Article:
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Bread and Whine, or Why I am Spiritually Hangry

| Friday, March 3, 2017

We all want what we can’t have. If we have brown hair, we want to be blond. If we’re good at math, we wish we could write better. If we’re Lutheran, we wish we were Catholic.

At least when Communion rolls around. We recite the words along with everyone else but halfheartedly, because we know “take and eat, all of you” does not include us. We walk up with our arms folded across our chest to receive a blessing in external deference, but internally we’re squashing negative little thoughts about “consolation prizes.” We look at actual Jesus, right in front of us, and then refuse Him. And then we sit back down, look at our friends with their heads bowed in Eucharist-fueled prayer and feel a very real sense of FOMO.

I get fired up about this at the dinner table.

“We basically believe the same thing,” I whine to my friends. “See, Jesus is fully present in the Eucharist in my church, too,” I say, pulling up the PDF of the recently ratified “Declaration on the Way,” a joint Catholic-Lutheran work that claims “there are no longer church-dividing issues” between our two churches.

My friends — who are awesome by the way, and I hope they don’t object to me talking about them because I love them all — have all but convinced me of transubstantiation, but this isn’t enough.

“It’s about Church unity,” they say. I wonder about the importance of Christian unity in general.

“Spiritual communion is good too!” they say. If spiritual communion is so good, then why does everyone else get the Eucharist?

“If it’s this important to you, just convert,” they say. Sometimes, I have a hard time expressing that I don’t feel I’m missing anything from my own church, so I just grumble to myself about the time some Lutherans received communion at the Vatican.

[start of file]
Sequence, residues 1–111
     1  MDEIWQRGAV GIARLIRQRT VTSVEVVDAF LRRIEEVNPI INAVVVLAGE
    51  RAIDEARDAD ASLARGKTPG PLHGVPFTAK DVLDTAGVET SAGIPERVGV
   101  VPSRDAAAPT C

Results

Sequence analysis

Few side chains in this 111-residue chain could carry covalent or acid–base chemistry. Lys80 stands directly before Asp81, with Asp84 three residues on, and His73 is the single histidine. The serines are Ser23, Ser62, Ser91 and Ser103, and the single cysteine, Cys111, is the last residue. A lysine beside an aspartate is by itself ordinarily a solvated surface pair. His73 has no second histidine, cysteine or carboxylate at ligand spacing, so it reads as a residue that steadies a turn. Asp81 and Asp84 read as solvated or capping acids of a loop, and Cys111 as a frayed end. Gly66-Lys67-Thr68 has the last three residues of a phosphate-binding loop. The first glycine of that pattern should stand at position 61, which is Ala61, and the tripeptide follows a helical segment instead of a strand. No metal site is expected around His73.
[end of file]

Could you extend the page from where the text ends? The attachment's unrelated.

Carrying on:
But my frustration, I think, has led to some good things. My dinner table conversations have taught me things I never knew about the Eucharist. Now, I know what the substances and the accidents are, and I know that the Eucharist is an actual portal to Heaven — how cool is that? My little rants have also forced me to question my own beliefs. Why does missing out bother me so much? Is it the awkwardness of having the congregation watch you walk up only to receive a blessing? Or is it because I’m finally realizing how important the Eucharist actually is, and I’m noticing the hole it leaves behind when it’s not there? I hope it’s the latter.

These questions don’t stop at the Eucharist. Often, conversations turn to the Immaculate Conception, Adoration or why I still haven’t converted to Catholicism. And even though my friends and I don’t understand the finer points of each other’s religions, I’d like to think we are all growing in faith through our discussions.

So now, when I’m in my home church, I march up to Communion in obnoxiously emblazoned Notre Dame gear, and I think about the gifts I am (actually) about to receive with a new joy and appreciation. And I think of how beautiful it would be if I could share these gifts with my friends at Notre Dame.


Petra Rantanen


Feb. 28

The views expressed in this Letter to the Editor are those of the author and not necessarily those of The Observer.

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